resources for transformation

Africa's Resource Future

figure10 dog didnt bark
The Dog that Didn't Bark: The Missed Opportunity of Africa's Resource Boom

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figure 2 LiveWire
Africa's Resource Export Opportunities and the Global Energy Transition

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Mining and the Quality of Public Services : The Role of Local Governance and Decentralization

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How Did Africa's Prospective Petroleum Producers Fall Victim to the Presource Curse ?

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One Rule Fits All? Heterogeneous Fiscal Rules for Commodity Exporters When Price Shocks Can Be Persistent : Theory and Evidence

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Resource-Backed Loans in Sub-Saharan Africa

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more publications

Harnessing oil, gas and minerals for Africa’s economic transformation under changing global conditions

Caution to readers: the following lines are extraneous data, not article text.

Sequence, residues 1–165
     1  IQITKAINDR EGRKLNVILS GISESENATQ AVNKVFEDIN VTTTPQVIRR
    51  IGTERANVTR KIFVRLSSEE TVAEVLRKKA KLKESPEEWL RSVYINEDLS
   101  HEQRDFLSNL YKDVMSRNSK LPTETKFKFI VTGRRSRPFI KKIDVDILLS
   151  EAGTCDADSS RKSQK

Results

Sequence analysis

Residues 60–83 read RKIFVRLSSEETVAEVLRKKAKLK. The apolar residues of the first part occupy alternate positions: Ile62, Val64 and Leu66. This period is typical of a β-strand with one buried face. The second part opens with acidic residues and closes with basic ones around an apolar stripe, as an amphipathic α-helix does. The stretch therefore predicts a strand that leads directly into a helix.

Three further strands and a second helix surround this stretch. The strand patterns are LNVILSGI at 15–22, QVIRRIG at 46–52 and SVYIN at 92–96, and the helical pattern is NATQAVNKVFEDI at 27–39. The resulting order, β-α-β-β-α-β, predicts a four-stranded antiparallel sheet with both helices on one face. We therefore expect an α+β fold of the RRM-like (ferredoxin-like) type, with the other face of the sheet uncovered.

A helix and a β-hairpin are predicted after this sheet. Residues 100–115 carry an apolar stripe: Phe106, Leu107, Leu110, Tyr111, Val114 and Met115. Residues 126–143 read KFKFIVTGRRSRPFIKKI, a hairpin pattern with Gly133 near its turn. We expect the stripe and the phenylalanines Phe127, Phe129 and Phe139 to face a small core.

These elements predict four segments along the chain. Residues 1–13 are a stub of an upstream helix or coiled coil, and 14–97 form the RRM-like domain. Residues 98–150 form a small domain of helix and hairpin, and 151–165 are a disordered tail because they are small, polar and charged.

Africa's relationship with its extractive industries, i.e. oil, gas and mining, is underpinned by economic, policies and development outcomes.  The economics are being shaped by changing demand and supply from old and new trade partners, new resource discoveries, depleting reserves, climate change, boom and bust price cycles and challenges government face capturing and spending the revenues derived from resource production.  New mining codes, local content regulations, carbon pricing and energy subsidy reduction initiatives, industrial policies, sovereign wealth funds, labor charters and infrastructure-sharing agreements are some of the laws and policies announced and implemented in recent years.  Very few countries have made headway in investing the vast windfalls into physical and human capital assets while most countries in the region have failed to capitalize on price booms to accelerate economic transformation.

The study is divided into three main chapters:

I. Overview chapter - Africa's Resource Future.

II. The state of extractives in Africa.

III.  Commodities super cycle.

IV.  Ongoing and emerging structural conditions affecting extractives in Africa.

V.  Agenda for Africa's resource future.